Poems such as “Support”, for example, in which the narrator realises family support isn’t always the “big things” but also helping fill out forms or helping to “do math / at the kitchen table / with the light dimming” can, and perhaps should, be taken at face value.

This review could go on forever, so let’s draw to a close.

If you agree that poetry should challenge and affect us, I suggest you check out Jonathan Bay’s work post-haste. His poetry is approachable but complex and impactful, with layers which reveal themselves with time and patience. Whilst the publication itself is a bit strange (three poets in one collection, but none of the collections are titled) I whole-heartedly recommend the poems therein. 

Russell Jones

Poetry Review: Bone Ovation by Caroline Hardaker

Poetry review
Published by Valley Press
RRP: £6.99

Don’t judge a book by its cover, so sayeth the saying. But in the case of Caroline Hardaker’s Bone Ovation I think it’s an appropriate judgement. This engaging and (for lack of a better word) creepy collection, with its macabre cover (an insect, I think a bee or wasp, half-stripped of its hair and flesh to reveal a part-skeleton, akin to a dissection) is a surreal dive into the darker end of human psyches, and our skeletal binds to this mortal coil.

This pamphlet is full of mesmeric poems which force their music into your skull, and then break it apart. There are poems about love and mountains, clans, feet and rice, to name a few, but what particularly struck me was Hardaker’s unusual use of repetition. The poems often repeat images (bones, skin, breaking/destroying/reconfiguring, butter and bodies) and sounds to create an almost chant-like or invocation-like quality, a spell-binding. This is what lingered with me, and will be the focus of this review.

I’m a peculiar fellow and repetition has a profound affect on me. Let me expand on that to give you an idea of why Bone Ovation’s repetitions of sound and content led me to a sense of ‘madness’… Sometimes I dream of repetitions, in numbers or patterns, layouts, blueprints, sounds or phrases. When this happens, it makes me physically unwell (or, the repetitions are a form of delirium caused by an illness, I haven’t quite decided). Bone Ovation is a short collection (23 pages of poems) with frequent repetitions which, in me at least, stirred a feeling of instability, obsession and even tangible insanity. I don’t feel this was accidental or even simply a product of my own mind, though, as the constant references to mortality, bones, breaking and reassembling, link our bodies with our psyches, as well as the erosion and reconstruction of the world and our perceptions of reality.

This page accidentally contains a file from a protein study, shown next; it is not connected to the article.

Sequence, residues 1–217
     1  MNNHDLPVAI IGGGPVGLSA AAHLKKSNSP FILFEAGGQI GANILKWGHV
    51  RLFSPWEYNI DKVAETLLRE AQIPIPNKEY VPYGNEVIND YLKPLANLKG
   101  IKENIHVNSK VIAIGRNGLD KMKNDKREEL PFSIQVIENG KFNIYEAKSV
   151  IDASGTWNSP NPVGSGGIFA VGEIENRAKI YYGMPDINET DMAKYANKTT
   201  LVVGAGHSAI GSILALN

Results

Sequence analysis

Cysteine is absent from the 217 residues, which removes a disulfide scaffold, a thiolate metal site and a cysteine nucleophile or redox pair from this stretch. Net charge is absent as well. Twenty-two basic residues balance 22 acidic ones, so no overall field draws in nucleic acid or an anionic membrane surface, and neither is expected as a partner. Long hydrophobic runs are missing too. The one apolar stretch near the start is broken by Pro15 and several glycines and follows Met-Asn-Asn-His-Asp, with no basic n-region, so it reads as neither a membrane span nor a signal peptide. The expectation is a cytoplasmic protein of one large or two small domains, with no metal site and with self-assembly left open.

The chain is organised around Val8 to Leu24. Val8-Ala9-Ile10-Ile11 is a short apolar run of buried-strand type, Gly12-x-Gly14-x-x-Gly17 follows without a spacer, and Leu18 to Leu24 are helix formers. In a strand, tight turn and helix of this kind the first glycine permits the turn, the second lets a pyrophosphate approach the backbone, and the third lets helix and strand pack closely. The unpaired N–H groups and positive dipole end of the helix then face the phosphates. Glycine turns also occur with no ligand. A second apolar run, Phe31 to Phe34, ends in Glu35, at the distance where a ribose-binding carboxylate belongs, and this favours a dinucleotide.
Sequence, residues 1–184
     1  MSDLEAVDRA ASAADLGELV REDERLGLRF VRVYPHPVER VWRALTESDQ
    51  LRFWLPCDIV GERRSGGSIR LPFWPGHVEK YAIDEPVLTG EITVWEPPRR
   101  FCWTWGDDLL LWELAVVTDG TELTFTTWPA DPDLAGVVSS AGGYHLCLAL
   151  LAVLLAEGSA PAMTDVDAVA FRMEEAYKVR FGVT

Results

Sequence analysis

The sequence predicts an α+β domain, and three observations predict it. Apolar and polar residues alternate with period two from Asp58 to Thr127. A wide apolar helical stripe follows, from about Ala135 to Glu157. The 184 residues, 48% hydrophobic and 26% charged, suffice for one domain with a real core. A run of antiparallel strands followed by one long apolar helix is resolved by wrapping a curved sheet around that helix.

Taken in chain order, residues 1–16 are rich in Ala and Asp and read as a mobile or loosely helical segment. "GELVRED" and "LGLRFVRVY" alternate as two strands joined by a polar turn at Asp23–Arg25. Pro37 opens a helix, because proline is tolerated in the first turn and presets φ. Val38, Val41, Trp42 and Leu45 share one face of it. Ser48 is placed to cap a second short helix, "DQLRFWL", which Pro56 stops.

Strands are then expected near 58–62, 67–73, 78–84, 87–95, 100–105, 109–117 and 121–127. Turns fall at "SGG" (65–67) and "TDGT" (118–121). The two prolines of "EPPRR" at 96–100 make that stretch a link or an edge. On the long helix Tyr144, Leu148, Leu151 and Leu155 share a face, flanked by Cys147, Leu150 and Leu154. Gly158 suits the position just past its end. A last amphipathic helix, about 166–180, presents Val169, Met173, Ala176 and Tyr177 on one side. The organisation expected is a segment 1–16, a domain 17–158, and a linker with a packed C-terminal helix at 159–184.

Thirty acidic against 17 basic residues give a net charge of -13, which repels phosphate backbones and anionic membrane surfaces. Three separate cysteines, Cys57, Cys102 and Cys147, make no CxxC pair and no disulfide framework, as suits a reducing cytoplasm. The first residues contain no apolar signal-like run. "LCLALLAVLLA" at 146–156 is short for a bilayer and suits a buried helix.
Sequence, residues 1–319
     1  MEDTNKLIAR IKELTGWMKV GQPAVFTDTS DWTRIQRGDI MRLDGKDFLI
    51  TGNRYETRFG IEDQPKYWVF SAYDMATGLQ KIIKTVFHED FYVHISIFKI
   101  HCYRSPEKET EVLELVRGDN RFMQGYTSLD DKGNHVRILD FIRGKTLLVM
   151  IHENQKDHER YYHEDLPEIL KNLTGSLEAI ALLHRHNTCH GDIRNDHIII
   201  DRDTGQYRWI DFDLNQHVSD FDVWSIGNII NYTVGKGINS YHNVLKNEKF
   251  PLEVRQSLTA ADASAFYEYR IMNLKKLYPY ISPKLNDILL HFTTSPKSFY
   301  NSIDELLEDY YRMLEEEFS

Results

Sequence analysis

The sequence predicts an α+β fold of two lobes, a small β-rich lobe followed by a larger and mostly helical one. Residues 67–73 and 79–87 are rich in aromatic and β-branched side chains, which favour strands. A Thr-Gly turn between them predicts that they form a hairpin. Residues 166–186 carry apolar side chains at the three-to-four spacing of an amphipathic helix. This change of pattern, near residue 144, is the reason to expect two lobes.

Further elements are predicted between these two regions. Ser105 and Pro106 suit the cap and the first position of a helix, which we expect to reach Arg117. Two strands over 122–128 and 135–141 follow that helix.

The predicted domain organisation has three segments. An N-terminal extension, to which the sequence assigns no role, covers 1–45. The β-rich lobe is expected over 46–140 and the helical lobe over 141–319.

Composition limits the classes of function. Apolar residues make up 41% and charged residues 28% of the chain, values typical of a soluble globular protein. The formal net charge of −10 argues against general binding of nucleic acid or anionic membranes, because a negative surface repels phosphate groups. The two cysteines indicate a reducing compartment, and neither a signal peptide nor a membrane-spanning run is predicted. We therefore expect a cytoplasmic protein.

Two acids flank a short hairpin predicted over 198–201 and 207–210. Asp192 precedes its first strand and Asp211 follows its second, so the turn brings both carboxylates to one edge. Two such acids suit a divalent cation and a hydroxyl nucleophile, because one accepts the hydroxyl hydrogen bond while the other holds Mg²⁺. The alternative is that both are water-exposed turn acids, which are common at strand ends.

This sense of sweeping instability is further enhanced by Hardaker’s use of strong rhymes, which establish and then destroy attempts to gains something reliable in terms of form and patterns. Nothing is certain, and Hardaker lures the reader into false predictions. The musicality of the language, whilst tying into the prayer-like / spell-like qualities of the pamphlet, eventually bait the reader into abandoning expectation, unsettling the ground they walk on. We are destabilised further through inconsistent and peculiar sentence structures, breaking down how we process thought on a linguistic, even grammatical, level.

There are many examples to be plucked from the collection. Here is one from “Your Bones and My Bones are Chicken Bones”:

The chicken is a chicken – splaying gnarled bones and plucking skull,
and no new squawks will help that lie be sown.

But our bones are the same, I grant you,
our bones are the same …

Here, the repetition of “chicken” and “bones” in such close proximity not only draws connection between them, but also seems to undermine the assertion that “The chicken is a chicken”. Is it, really? This seems patently obvious until it unravels to suggest that the chicken is, when reconsidered through bone, rather human. So, is the chicken really chicken, or is there a hint of human there? And if there’s human in chicken, is there not also chicken in human? The poem asserts that the claim “The chicken is a chicken” is a “lie” which cannot be true despite our attempts to linguistically (through “new squawks”) prove it otherwise. Language is therefore incapable, or perhaps (more kindly) a somewhat blunted tool, in challenging the realities of physical world. We might squawk “a chicken is a chicken”, but that doesn’t make it true in every sense.

However, the poems build to a more multifaceted set of queries: our perceptions of ourselves, and other creatures (or indeed the nature of reality) unravel through  the poems’ repetitions, which is reassembled and re-explored in various poems through the collection. Rather than drawing similarity from rhyme and repetition, Hardaker’s poems force us into reassessing those motifs to examine them for difference.